Dickinson premiered on Apple TV+ at the beginning of this month, but it's already generating a lot of hype, particularly for those of us who never quite got over our Emily Dickinson "phase." For those looking for supplementary material in this new phase of the famed poet, look no further than this lit lover's guide to watching Dickinson, replete with all the books you need to read to stay abreast of what's going on in the charming new series.
For some, the idea of Emily Dickinson being a bratty teenager is just too much to bear, but at least one Dickinson scholar says the show's portrayal is true to the poet she knows. Whether or not the show remains true in its depictions of the various players in Dickinson's life varies from character to character — John Mulaney captures the utter weirdness of Henry David Thoreau in his cameo, while Matt Lauria's Benjamin Newton is less than historically accurate, for example.
If you're currently enjoying Dickinson, or planning to take a deep dive in before Season 2 comes out, here's what you should read if you want to find out more about Emily Dickinson and her world:
Hope Is the Thing with Feathers: The Complete Poems of Emily Dickinson
Obviously, no Dickinson reading list would be complete without Dickinson's own poetry, so let's get this out of the way first, shall we? Hope Is the Thing with Feathers takes its name from one of Dickinson's most famous poems, and, if you don't already own a complete collection from the poet, it's a must-have.
Lives Like Loaded Guns: Emily Dickinson and Her Family's Feuds by Lyndall Gordon
One thing Dickinson perfectly captures about Emily Dickinson's life is the sheer amount of drama that she and her family become involved with. In Lyndall Gordon's Lives Like Loaded Guns, you'll learn about a major rift in Amherst society, caused by Dickinson's brother Austin's affair with Mabel Todd, the wife of a local professor.
Othello by William Shakespeare
Dickinson sees the poet friends stage her own version of Othello. If you haven't read Shakespeare's play before, or if it's just been a while, you should consider picking up your own copy to read as you're watching the Apple TV+ series.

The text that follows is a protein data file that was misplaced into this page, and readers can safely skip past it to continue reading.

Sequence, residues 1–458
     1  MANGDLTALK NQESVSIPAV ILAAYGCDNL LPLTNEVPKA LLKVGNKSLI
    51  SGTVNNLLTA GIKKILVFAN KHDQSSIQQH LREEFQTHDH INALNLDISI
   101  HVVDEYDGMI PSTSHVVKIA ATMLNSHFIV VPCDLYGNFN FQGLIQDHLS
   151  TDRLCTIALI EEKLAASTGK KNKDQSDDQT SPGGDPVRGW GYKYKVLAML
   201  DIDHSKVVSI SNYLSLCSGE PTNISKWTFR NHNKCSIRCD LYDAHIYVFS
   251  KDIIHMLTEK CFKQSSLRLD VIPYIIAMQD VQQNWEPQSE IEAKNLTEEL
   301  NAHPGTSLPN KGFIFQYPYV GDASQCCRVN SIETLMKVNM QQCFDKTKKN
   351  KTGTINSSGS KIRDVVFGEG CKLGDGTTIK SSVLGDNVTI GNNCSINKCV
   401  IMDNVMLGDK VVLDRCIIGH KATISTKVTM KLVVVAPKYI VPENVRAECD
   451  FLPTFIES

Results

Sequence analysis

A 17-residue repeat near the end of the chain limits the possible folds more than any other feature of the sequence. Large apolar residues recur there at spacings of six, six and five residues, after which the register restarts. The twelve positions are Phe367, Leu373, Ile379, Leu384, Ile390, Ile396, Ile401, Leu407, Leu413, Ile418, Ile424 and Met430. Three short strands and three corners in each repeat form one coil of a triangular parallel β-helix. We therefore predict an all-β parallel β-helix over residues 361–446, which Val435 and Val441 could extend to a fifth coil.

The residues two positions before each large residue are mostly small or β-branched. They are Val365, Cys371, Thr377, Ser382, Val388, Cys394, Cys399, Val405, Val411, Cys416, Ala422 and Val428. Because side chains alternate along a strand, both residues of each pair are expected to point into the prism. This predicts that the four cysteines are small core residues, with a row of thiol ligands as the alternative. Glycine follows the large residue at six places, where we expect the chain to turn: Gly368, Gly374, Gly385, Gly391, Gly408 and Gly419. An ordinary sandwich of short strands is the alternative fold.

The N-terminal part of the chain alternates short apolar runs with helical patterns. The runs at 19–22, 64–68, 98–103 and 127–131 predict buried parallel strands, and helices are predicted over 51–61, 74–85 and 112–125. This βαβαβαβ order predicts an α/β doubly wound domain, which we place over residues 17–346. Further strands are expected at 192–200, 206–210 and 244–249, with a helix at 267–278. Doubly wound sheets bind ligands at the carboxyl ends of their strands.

Open Me Carefully: Emily Dickinson's Intimate Letters to Susan Huntington Dickinson, edited by Ellen Louise Hart and Martha Nell Smith
You might have noticed the ~connection~ between Emily and Susan in Dickinson. In case you were wondering, there's plenty of evidence to suggest that they were more than friends in real life. Check out this collection of Emily's letters to her sister-in-law and see what you think!
Meg, Jo, Beth, Amy: The Story of Little Women and Why It Still Matters by Anne Boyd Rioux
Published just before Little Women's 150th anniversary in 2018, Anne Boyd Rioux's Meg, Jo, Beth, Amy explores the impact of Louisa May Alcott's most famous novel over the decades since its release in 1868. Although Dickinson probably never met Alcott in real life, reading Rioux's book will impress upon you the importance of the poet's contemporary on women's literature.
Emily Dickinson's Gardening Life: The Plants and Places That Inspired the Iconic Poet by Marta McDowell
Emily Dickinson's garden might not get as much love in Dickinson as it did in real life, but that's all the more reason to read this book. From Beatrix Potter's Gardening Life author Marta McDowell comes Emily Dickinson's Gardening Life — a book that examines how botany influenced the famous author's work.
Walden: Life in the Woods by Henry David Thoreau
In Dickinson, Emily remarks that Walden Pond is not at all like Henry David Thoreau described it. To fully understand what she means, you'll have to read Walden: Life in the Woods — the story of Thoreau's trek into the not-so-wild wilderness of New England.
Texts from Jane Eyre and Other Conversations with Your Favorite Literary Characters by Daniel Mallory Ortberg
Daniel Mallory Ortberg made a name for himself by publishing funny and razor-sharp takes on classic literature over at The Toast. That website may be defunct now, but you can pick up some of his best work, including his Emily Dickinson jokes, in Texts from Jane Eyre.
These Fevered Days: Ten Pivotal Moments in the Making of Emily Dickinson by Martha Ackmann (Feb. 25)
OK so this book isn't coming out until the end of the winter, but I couldn't make this list without including it. Martha Ackmann's These Fevered Days distills Dickinson's life down to the 10 key moments that most influenced her development and work. This book is a must read for any Dickinson — or Dickinson — fan.